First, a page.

Column 7(q) Paraguay, (r) Peru, (s) Surinam, (t) Uruguay, (u) Venezuela, (v) South Georgia, (w) Falklands Islands, (x) Afghanistan, (y) Bahrain and (z) Bangladesh ; and which organisations made these representations ;
(3) how many representations he has received about the denial of human rights or the use of torture in (a) France, (b) East Germany, (c) West Germany, (d) Gibraltar, (e) Antigua and Barbuda, (f) Bahamas, (g) Barbados, (h) Belize, (i) Bermuda, (j) Cayman Islands, (k) Costa Rica, (l) Cuba, (m) Dominica, (n) the Dominican Republic, (o) Grenada, (p) Guadeloupe, (q) Guatemala, (r) Haiti, (s) Honduras, (t) Jamacia, (u) Martinique, (v) Montserrat, (w) St. Lucia, (x) St. Christopher and Nevis, (y) Puerto Rico and (z) Panama ; and which organisations made these representations ;
(4) how many representations he has received about the denial of human rights or the use of torture in (a) Nepal, (b) Oman, (c) Pakistan, (d) Philippines, (e) Qatar, (f) Saudi Arabia, (g) Singapore, (h) Sri Lanka, (i) Syria, (j) Thailand, (k) Turkey, (l) the Asian Republics of the Union of Soviet Socialist Republics, (m) United Arab Emirates, (n) Vietnam, (o) North Yemen, (p) South Yemen, (q) Albania, (r) Andorra, (s) Austria, (t) Belgium, (u) Bulgaria, (v) Cyprus, (w) Czechoslovakia, (x) Denmark, (y) Faroe Islands and (z) Finland ; and which organisations made those representations ;
(5) how many representations he has received about the denial of human rights or the use of torture in (a) Yugoslavia, (b) Australia, (c) Norfolk Islands, (d) Fiji, (e) French Polynesia, (f) Guam, (g) Kiribati, (h) Marshall Islands, (i) Micronesia, (j) Nauru, (k) New Caledonia, (l) New Zealand, (m) Cook Islands, (n) Nive, (o) Ross Dependency, (p) Northern Mariana Islands, (q) Palau, (r) Papua New Guinea, (s) Pitcairn Islands, (t) Eastern Samoa, (u) Western Samoa, (v) Soloman Islands, (w) Tonga, (x) Tuvalu, (y) Vanuatu and (z) Wallis and Fortuna Islands ; and which organisations made those representations ; (6) how many representations he has received about the denial of human rights or the use of torture in (a) Senegal, (b) Seychelles, (c) Sierra Leone, (d) Somalia, (e) South Africa, (f) the Republic of Ireland, (g) Iceland, (h) Hungary, (i) Greece, (j) Italy, (k) Liechtenstein, (l) Luxembourg, (m) Malta and Gozo, (n) Monaco, (o) the Netherlands, (p) Norway, (q) Poland, (r) Portugal, (s) Romania, (t) San Marino, (u) Spain, (v) Sweden, (w) Switzerland, (x) Turkey, (y) European Russia and (z) the Vatican City State ; and which organisations made those representations ;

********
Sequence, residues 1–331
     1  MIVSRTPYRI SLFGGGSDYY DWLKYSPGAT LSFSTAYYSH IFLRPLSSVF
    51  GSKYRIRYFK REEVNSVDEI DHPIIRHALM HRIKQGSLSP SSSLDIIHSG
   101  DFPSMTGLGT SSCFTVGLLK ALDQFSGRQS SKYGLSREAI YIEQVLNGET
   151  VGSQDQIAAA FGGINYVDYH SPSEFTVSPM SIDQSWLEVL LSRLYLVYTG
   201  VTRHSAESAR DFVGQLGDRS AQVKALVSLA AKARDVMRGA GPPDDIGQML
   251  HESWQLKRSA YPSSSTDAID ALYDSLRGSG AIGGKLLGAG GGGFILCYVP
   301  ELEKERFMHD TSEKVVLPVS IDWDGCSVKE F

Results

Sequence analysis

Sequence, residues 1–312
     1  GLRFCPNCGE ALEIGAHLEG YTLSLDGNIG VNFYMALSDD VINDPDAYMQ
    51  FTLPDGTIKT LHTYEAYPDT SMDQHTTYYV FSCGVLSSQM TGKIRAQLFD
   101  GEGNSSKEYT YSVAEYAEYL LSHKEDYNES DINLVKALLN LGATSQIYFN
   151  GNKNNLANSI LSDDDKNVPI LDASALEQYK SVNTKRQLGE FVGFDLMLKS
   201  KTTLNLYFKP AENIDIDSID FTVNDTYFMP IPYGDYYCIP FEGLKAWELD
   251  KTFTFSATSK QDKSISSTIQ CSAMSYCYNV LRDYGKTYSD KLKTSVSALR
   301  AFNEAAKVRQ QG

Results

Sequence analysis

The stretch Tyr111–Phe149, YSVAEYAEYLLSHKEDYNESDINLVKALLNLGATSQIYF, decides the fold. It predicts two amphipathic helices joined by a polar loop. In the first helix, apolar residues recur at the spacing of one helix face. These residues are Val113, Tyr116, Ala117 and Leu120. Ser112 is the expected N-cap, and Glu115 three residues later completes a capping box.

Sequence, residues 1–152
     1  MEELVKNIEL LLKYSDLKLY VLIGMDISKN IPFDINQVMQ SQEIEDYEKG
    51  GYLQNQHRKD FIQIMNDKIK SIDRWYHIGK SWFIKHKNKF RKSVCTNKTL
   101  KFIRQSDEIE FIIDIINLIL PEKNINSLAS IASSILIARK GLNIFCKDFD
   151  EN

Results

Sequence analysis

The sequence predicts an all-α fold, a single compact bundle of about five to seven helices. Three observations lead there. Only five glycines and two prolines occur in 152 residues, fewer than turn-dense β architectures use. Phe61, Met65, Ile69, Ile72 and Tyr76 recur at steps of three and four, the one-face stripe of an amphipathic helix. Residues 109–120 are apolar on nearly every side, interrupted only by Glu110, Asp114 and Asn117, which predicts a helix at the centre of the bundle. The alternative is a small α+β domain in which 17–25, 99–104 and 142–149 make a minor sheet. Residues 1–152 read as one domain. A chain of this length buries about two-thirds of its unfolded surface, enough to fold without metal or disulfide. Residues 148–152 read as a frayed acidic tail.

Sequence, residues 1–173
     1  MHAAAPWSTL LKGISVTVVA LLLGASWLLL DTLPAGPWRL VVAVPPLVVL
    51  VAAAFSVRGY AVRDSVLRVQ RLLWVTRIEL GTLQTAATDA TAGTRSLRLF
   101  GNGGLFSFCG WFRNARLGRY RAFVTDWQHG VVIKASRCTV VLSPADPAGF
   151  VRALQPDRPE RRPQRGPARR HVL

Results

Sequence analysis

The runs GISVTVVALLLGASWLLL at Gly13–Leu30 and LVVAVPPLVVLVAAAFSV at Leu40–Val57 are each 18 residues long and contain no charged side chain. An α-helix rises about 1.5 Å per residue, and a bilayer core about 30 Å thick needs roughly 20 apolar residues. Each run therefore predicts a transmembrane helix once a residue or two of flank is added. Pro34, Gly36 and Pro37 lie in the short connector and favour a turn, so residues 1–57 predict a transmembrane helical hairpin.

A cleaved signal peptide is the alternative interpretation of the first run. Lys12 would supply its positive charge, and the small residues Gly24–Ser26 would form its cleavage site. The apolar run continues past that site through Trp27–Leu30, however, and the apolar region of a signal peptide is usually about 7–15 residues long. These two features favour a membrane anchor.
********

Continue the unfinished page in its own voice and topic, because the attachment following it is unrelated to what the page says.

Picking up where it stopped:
(7) how many representations he has received about the denial of human rights or the use of torture in (a) Cote d'Ivoire, (b) Djibouti, (c) Egypt, (d) Guinea, (e) Ethiopia, (f) Gabon, (g) Gambia, (h) Ghana, (i) Guinea- Bissau, (j) Kenya, (k) Lesotho, (l) Liberia, (m) Libya, (n) Madagascar, (o) Malawi, (p) Mali, (q) Mauritania, (q) Mauritius, (s) Mayotte, (t) Morocco, (u) Mozambique, (v) Namibia, (w) Niger, (x) Nigeria, (y) Rwanda and (z) St. Helena ; and which organisations made those representations ;